Bankruptcy Petition Preparer Guidelines

The following are guidelines concerning the conduct and compensation of bankruptcy petition preparers (as defined in section 110 of the Bankruptcy Code (11 U.S.C. §110)) who are not attorneys and who assist debtors in filing voluntary bankruptcy petitions (under Chapter 7, 11, 12 or 13), or in preparing any papers filed in connection with such cases in this court. These guidelines are issued pursuant to B.L.R. 9029-1.

1. The maximum allowable charge for a bankruptcy petition preparer's services is $150, including any and all expenses such as photocopying, messenger or courier charges, postage, telephone, etc. This fee does not include the filing fee that must be paid to the clerk of the bankruptcy court; the debtor(s) is to make that payment directly to the court.

    2. If any money has been paid or any property transferred by the debtor to the bankruptcy petition preparer within one year of the filing of the bankruptcy petition, the court's filing fees may not be paid in installments.

    3. The bankruptcy petition preparer is not an attorney and is not authorized to practice law. Specifically, the bankruptcy petition preparer may not instruct or advise the debtor(s):

i. Whether to file a bankruptcy petition

ii. Under which chapter of the Bankruptcy Code to file the voluntary petition;
iii. How to respond to the bankruptcy forms required in connection with the filing of the bankruptcy case;
iv. What exemptions should be claimed;
v. Whether any particular debts are dischargeable or nondischargeable;
vi. The effect of a bankruptcy filing upon a foreclosure and whether the debtor(s) may keep a home.
vii. Whether the debtor(s) may avoid or eliminate any liens or recover any assets in connection with the bankruptcy case;
viii. Whether the debtor(s) may redeem property;
ix. Whether the debtor(s) may or should reaffirm any debts;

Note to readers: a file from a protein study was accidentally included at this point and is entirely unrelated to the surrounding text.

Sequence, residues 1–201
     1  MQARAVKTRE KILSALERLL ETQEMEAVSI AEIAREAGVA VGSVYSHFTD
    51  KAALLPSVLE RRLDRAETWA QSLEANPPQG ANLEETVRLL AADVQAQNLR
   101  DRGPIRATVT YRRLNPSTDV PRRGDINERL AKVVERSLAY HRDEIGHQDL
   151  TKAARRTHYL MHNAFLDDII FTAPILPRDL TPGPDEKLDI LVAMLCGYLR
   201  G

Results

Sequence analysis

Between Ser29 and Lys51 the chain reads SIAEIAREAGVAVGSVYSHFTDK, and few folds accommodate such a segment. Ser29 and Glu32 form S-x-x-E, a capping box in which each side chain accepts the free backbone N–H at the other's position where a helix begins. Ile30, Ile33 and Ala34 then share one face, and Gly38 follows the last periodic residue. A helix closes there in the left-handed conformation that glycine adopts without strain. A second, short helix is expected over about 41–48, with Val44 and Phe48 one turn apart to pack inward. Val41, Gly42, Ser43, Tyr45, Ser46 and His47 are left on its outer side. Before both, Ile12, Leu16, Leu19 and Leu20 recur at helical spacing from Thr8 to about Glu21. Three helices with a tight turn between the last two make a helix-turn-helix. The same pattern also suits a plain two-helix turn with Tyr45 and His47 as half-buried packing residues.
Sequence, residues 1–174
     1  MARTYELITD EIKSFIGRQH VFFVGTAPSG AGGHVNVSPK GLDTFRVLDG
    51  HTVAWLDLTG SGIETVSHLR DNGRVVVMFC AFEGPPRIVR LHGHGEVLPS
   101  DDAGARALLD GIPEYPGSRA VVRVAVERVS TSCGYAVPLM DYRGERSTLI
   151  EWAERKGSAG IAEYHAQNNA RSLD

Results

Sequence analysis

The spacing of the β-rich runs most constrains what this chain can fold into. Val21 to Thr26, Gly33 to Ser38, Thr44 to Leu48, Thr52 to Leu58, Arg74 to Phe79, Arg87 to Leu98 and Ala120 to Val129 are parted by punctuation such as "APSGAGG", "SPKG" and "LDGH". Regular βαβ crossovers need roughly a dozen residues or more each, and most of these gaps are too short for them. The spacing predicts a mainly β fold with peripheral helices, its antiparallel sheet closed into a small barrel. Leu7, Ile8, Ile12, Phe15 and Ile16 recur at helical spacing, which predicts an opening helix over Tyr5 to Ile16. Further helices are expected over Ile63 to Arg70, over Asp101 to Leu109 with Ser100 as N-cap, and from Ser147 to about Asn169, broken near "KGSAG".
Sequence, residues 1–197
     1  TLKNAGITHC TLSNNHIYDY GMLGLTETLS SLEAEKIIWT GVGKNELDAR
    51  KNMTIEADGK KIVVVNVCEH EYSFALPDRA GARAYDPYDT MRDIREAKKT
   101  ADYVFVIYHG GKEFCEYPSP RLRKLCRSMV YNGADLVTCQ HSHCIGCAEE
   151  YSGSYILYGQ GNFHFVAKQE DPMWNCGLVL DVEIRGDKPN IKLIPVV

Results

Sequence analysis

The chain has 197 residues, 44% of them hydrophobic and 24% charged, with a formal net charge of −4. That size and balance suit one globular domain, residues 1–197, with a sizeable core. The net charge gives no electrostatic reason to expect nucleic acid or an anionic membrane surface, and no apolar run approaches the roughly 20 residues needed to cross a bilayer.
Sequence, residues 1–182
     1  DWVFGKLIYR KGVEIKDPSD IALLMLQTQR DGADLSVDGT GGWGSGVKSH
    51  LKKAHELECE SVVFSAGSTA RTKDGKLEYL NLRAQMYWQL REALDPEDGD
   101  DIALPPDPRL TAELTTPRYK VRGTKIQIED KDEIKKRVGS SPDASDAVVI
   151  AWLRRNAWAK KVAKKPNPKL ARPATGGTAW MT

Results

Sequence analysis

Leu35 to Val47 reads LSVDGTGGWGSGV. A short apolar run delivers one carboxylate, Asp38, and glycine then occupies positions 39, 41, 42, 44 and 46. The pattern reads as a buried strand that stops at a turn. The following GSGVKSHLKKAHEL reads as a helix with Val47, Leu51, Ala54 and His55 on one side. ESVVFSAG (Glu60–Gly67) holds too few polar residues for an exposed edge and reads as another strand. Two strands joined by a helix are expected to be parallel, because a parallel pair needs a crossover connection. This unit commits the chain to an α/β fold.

x. Whether the debtor(s) is entitled to a discharge under the Bankruptcy Code, and what defenses the debtor may have to an objection to discharge; and
xi. Concerning the tax consequences of any aspect of the bankruptcy case.
    4. The bankruptcy petition preparer may type forms and file documents.

    5. Upon application of the debtor(s), a creditor or any party-in-interest, including the United States Trustee, or on the court's own motion, fees of a bankruptcy petition preparer may be reduced below the amount allowed by these Guidelines. All fees may be forfeited where the bankruptcy petition preparer has acted incompetently or illegally, or has failed to comply with these Guidelines. In addition to liability for criminal penalties, all fees are subject to forfeiture, in any case where the bankruptcy petition preparer has violated any provision of Bankruptcy Code § 110.

    6. Before preparing a bankruptcy petition, schedules and statements (or the first of any other paper if the bankruptcy petition preparer has not prepared the petition), and before accepting any money from the debtor(s), the bankruptcy petition preparer must allow the debtor(s) to read and sign a Notice To Debtors About Bankruptcy Petition Preparers (in the form accompanying these Guidelines) and provide a copy thereof and a copy of these Guidelines to the debtor(s). The original of the Notice must be filed with the court along with the petition or the first paper prepared by the Bankruptcy Petition Preparer.

    7. The court encourages debtors, trustees and others who believe a bankruptcy petition preparer has violated section 110 of the Bankruptcy Code (11 U.S.C. §110) to advise the United States Trustee of the violation.